Please do post details of concerts, courses and other events into the Calendar
0 Members and 1 Guest are viewing this topic.
Union Chapel's Henry Willis organ to be restoredThe Union Chapel in Islington has been given £470,000 by the Heritage Lottery Fund (HLF) to repair its organ.The grant will help to restore the machinery and pipe work of the Henry Willis organ, which is Grade I listed on the National Pipe Organ Register.It was built in 1887 and is the only organ of its type in England with its original hydraulic machinery intact.Now in a poor state of repair, it is estimated that the organ has only two to three years of playable life left.Adele gigThe project will also involve a three-year programme of education activities, volunteering opportunities and community outreach work.Sue Bowers, head of HLF in London, said: "The Union Chapel Willis organ is a rare and beautiful instrument at the heart of one of the most loved community venues in North London."This money will mean that this precious heritage asset can be conserved and restored to full working order, so that it can once again entertain and engage audiences young, old and new."Philip Walker, who chairs the Union Chapel Project, said he was "thrilled and slightly overwhelmed".The Union Chapel is known for hosting gigs by acts including U2, Adele and Noel Gallagher while remaining a functioning place of worship.
mechanical to the Choir, 'compressed air' to the Pedal) and blowing equipment - and is also still at its original sharp pitch, which has never been altered! - only serves to reinforce its importance.. . . . but further detail has so far escaped me.
An Edwardian pipe organ that fails "to make the noise you want" is to be restored in Essex thanks to a £416,000 grant from the Heritage Lottery Fund.The organ, built for Colchester's Moot Hall, was first played publicly at the hall's official opening in May 1902.A century later a campaign was launched to halt the instrument's deterioration.Councillor Nigel Chapman said he was "delighted this important part of Colchester's heritage is set to be conserved".He added: "You can get a sound out of it, but not the noise you want."Organists won't now play it because it just reflects badly on their skill. Some work was done on it about 50 years ago - but the leather and wood it's made from have just deteriorated."It's a significant part of the character of the Moot Hall and I am extremely excited at the prospect of hearing it played again."The organ was built specifically for the Baroque inspired town hall by Norfolk-based organ makers Norman and Beard, who also created the Norwich Cathedral Organ.Robyn Llewellyn, head of Heritage Lottery Fund East of England, said: "This fine historic instrument is an integral part of the hall and its deterioration has denied concert-goers the chance to hear it for many years."As a unique example of a pipe organ, our funding will not only fund restoration but help local people and schools understand how it was built and the traditional craftsmanship involved."Soon this will all be put right and the organ can be enjoyed by both music and history lovers alike."Restoration of the organ is expected to take up to four years.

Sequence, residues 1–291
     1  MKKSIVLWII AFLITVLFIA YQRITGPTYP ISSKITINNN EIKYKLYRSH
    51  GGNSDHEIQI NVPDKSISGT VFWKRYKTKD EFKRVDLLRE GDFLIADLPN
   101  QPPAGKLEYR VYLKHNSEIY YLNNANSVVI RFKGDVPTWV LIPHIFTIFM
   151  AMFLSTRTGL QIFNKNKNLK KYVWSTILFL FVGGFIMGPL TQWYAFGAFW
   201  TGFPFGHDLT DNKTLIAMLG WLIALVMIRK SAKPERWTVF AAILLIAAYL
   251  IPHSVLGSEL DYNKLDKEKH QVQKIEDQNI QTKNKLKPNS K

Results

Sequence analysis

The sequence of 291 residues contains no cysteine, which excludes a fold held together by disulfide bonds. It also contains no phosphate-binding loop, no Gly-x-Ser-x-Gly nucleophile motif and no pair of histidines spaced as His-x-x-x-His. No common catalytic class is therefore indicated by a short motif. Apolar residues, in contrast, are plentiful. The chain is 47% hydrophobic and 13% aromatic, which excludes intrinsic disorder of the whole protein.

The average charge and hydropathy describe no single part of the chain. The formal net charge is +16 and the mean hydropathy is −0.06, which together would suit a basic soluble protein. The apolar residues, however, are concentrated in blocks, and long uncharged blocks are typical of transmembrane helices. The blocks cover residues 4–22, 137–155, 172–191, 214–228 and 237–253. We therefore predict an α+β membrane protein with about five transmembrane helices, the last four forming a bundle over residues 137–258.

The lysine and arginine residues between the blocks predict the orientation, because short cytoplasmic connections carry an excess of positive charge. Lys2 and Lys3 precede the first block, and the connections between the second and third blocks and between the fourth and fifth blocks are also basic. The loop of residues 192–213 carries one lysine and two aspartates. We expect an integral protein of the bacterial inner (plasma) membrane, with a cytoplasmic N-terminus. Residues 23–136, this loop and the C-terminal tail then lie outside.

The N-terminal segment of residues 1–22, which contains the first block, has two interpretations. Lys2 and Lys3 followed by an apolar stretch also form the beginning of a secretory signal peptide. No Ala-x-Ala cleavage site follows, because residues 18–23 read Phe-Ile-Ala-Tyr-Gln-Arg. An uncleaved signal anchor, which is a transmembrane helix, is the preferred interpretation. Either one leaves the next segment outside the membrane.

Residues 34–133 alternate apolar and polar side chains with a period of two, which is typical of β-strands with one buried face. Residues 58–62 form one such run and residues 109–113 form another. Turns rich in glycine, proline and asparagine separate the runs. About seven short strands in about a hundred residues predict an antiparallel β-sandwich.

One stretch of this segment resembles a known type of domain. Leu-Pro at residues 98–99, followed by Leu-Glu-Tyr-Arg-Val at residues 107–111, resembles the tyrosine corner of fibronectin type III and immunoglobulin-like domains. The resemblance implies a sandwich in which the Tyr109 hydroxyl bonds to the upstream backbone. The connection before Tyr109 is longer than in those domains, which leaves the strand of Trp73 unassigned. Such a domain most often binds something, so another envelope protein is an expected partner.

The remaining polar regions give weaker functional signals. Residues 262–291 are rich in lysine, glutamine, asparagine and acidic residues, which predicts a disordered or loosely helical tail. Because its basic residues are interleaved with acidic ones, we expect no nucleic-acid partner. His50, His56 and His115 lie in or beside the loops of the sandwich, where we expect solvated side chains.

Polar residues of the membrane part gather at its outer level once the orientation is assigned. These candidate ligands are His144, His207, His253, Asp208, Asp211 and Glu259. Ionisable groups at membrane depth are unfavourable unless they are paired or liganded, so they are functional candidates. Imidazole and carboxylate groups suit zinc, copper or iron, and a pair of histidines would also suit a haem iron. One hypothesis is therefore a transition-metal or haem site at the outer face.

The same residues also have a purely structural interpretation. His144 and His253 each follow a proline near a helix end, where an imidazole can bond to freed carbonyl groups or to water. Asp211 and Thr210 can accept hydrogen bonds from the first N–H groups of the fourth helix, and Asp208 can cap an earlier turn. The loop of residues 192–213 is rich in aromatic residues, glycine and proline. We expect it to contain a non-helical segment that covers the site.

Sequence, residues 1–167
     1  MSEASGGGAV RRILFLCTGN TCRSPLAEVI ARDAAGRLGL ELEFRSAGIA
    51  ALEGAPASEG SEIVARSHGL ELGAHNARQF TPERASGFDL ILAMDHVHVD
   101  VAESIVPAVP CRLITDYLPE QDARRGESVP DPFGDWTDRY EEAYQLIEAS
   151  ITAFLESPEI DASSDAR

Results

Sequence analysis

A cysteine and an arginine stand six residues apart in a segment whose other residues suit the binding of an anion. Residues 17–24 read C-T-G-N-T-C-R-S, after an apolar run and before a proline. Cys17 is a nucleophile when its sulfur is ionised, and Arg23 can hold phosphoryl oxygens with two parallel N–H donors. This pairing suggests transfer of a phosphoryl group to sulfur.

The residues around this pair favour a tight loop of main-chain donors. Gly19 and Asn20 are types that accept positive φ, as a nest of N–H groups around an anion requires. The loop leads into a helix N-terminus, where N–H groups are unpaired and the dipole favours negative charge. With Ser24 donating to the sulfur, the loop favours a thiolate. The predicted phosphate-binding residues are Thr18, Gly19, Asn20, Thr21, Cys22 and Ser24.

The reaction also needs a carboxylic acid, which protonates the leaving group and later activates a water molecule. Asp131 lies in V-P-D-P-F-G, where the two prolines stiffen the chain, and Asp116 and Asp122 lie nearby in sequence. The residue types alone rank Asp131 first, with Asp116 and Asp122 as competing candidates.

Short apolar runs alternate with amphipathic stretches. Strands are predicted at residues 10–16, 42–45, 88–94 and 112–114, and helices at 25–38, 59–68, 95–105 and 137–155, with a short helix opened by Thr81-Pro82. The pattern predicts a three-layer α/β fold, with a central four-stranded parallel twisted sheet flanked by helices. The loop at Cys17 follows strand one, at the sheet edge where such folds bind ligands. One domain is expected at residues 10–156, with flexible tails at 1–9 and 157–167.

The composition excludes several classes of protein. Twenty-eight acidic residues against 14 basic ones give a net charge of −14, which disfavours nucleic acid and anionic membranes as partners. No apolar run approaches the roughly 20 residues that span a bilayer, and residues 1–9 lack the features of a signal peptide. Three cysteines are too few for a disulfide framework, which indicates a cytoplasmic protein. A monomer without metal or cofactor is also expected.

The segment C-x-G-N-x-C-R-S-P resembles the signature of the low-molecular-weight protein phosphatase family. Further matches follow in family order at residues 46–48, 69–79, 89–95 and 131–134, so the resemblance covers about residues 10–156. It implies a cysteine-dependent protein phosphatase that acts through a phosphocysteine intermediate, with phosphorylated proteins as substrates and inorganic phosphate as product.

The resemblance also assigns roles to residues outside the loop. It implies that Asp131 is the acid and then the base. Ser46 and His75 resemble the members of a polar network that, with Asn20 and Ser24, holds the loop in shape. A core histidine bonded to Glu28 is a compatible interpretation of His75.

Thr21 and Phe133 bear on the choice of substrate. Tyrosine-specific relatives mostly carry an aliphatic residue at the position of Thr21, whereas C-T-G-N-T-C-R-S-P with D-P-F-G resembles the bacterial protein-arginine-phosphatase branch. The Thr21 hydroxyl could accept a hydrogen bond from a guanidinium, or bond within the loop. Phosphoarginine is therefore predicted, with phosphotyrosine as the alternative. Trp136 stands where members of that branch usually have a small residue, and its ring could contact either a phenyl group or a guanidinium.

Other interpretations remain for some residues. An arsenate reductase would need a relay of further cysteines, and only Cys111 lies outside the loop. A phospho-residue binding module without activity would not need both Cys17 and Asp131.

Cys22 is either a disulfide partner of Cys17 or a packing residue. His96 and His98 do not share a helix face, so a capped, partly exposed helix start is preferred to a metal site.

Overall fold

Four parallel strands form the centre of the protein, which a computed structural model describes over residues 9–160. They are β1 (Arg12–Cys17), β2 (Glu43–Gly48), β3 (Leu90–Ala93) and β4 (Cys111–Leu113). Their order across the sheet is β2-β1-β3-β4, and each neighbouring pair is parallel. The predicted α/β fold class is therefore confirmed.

There can't be many organs built in 1902 with a Great thus: 220.127.116.11.4.2.IV.8.4 Sub Octave Reeds.